With the growing awareness of the urgency of climate change the demand for more sustainable solutions is increasing rapidly. Yet it is not as easy to implement these principles as it seems.
Polyprint, a Danish packaging producer, set an example when it comes to the evolution of packaging by creating the three R’s, principles that lead toward sustainable packaging. At John Altman we also aspire to be as sustainable as possible. This is not easy, as food requires specific packaging to stay fresh because nobody wants to eat soggy popcorn. Thus, popcorn requires to be sealed airtight and needs a protective film to remain delicious. John Altman currently uses recyclable packaging for our popcorn. As John Altman is continuously working on improving products and increasing sustainability, we are searching for a better packaging for our nuts. At the moment it is not yet recyclable, as the packaging is made of paper and plastic. By following the three R’s we are working on these goals.
The first ideal, reduce, we have been able to follow successfully. When John Altman first started out we sold our popcorn in plastic buckets before switching to paper bags with a see-through plastic panel and finally to the recyclable packaging you can buy today. Through downsizing the packaging we managed to reduce the amount of plastic as well as the CO2 emissions due to the ease of transporting smaller packaging and using less material. In addition to this, by downgauging the materials in our current packaging we have been able to make the popcorn packaging recyclable. While it is metalized, the layer is very thin and PP5 materials count as monopackaging. This means, that for the most part the packaging is made of one material and is therefore easy to recycle. Empty popcorn bags can be burned completely, without toxic emissions, and be turned into new ones. The snack size is not only enjoyable and good for on the go but also helps to minimize food waste.
The other two R’s, recycle and renew, are harder for smaller brands to implement. As our popcorn bags are intended to land in the recycling bin once empty, they automatically become part of the circular economy. While metal-free options represent an end goal, it is currently unavoidable for our packaging to completely refrain from using metalized lining. Along with the EU packaging strategy John Altman is also constantly trying to improve.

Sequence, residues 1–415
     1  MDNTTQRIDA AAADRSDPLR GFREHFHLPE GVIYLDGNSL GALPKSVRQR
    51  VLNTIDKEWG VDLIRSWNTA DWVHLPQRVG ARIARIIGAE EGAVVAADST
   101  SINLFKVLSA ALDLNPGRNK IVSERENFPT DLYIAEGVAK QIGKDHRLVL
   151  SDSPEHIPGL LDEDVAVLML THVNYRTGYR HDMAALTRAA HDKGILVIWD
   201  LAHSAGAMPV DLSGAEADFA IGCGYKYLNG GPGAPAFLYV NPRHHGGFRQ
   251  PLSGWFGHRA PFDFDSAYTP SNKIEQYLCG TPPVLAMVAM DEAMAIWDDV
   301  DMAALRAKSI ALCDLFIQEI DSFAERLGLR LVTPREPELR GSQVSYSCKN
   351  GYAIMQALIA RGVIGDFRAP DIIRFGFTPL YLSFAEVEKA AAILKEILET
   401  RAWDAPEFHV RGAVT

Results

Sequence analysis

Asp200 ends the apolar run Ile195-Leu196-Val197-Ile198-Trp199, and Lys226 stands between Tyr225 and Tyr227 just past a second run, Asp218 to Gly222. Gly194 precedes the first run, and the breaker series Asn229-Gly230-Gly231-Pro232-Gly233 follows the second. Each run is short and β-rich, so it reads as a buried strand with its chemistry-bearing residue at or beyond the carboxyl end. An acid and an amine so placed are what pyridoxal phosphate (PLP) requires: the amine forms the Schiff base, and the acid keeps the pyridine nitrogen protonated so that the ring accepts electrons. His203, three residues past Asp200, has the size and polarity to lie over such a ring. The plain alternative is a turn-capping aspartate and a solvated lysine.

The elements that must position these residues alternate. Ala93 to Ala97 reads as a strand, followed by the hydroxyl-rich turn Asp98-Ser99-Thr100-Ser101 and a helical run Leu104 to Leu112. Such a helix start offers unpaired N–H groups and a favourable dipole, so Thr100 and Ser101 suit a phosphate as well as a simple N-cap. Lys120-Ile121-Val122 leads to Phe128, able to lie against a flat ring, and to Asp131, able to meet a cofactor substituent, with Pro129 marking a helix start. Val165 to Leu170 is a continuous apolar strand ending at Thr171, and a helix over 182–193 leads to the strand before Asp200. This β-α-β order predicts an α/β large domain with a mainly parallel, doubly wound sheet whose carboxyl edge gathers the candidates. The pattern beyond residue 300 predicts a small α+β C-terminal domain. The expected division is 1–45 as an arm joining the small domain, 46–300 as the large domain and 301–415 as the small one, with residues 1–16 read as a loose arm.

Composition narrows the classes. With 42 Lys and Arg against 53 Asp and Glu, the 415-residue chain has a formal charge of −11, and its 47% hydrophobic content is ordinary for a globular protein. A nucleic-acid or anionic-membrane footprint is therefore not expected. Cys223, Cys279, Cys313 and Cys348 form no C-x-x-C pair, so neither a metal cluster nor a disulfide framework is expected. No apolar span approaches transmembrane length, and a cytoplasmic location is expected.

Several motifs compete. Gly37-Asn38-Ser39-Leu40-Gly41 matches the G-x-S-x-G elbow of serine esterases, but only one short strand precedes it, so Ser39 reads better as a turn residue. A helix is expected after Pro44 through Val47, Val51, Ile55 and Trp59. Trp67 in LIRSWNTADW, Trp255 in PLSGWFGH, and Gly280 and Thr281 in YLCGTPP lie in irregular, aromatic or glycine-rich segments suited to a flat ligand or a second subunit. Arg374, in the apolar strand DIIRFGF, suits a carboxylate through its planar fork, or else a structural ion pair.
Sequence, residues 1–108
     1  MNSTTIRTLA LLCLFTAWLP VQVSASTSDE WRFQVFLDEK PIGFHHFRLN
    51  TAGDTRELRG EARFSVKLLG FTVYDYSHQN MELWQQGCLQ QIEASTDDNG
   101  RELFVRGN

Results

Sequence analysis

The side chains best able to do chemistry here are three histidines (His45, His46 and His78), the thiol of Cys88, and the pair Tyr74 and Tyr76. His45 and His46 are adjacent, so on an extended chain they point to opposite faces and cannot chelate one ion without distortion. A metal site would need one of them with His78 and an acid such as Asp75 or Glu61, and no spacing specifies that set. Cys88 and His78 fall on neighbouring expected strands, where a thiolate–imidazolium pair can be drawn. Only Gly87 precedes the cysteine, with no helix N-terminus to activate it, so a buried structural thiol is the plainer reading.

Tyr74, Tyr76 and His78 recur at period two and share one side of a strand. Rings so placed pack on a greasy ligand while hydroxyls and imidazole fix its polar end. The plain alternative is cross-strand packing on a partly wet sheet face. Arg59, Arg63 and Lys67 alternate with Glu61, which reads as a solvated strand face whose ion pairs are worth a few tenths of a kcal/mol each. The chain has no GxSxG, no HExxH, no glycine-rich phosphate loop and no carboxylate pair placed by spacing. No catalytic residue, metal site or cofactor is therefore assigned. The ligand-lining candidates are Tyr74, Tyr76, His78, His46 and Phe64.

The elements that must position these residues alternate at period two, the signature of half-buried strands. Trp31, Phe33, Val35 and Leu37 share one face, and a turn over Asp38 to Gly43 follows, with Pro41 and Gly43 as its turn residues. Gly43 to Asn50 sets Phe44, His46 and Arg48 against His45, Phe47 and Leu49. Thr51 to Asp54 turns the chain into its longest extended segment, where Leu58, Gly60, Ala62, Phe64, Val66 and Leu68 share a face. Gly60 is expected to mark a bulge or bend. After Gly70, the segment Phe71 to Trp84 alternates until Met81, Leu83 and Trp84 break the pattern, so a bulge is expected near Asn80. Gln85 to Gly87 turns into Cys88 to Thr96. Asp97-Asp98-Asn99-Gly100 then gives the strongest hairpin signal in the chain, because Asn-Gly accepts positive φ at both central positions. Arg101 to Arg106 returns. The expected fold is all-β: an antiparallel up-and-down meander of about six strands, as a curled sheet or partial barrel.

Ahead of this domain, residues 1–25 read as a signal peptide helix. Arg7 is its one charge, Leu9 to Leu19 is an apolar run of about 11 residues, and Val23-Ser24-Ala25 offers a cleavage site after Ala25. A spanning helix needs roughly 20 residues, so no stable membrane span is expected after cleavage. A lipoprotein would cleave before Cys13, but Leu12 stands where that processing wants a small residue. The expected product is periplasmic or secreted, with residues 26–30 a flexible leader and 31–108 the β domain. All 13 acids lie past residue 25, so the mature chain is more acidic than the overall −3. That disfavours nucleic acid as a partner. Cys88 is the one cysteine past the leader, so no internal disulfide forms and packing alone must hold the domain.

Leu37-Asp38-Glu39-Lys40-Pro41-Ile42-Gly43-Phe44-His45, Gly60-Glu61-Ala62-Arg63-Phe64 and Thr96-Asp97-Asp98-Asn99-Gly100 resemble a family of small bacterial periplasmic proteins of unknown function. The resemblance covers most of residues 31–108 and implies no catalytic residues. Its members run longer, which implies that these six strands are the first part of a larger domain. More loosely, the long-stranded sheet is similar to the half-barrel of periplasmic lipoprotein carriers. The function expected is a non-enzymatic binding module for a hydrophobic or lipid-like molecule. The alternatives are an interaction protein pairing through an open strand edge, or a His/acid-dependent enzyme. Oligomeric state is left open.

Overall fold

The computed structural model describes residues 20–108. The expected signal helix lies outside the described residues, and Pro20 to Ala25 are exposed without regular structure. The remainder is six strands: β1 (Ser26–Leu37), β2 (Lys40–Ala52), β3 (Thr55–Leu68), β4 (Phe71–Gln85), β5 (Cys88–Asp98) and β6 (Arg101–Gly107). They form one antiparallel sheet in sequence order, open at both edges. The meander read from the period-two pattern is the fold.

A popular trend when it comes to renewing materials is bio-based packaging. In theory packaging made of natural, biodegradable materials that breaks down long before plastic does sounds amazing. Yet in practice it is not as convincing. At the moment, the garbage processing plants cannot deal with the leftovers properly and it cannot be recycled with traditional packaging. This means it is not a viable option until better techniques have been developed and more companies switch. This was also taken into account by Tony's Chocolonely when they created their Tiny Tony’s packaging. The same goes for making fossil free wrappers. Reducing the amount of fossils used in the process is a first step into the right direction until this goal can eventually be achieved as well. Finally, the aspect of CO2 reduction is one that is implemented during the production of John Altman products. As we choose our producers as geographically close to us as possible, the emissions during transport are significantly lower.
All three R’s overlap in some areas, and ultimately represent a goal that could be achieved by John Altman in the future. At the moment we are trying to make our packaging as sustainable as we can.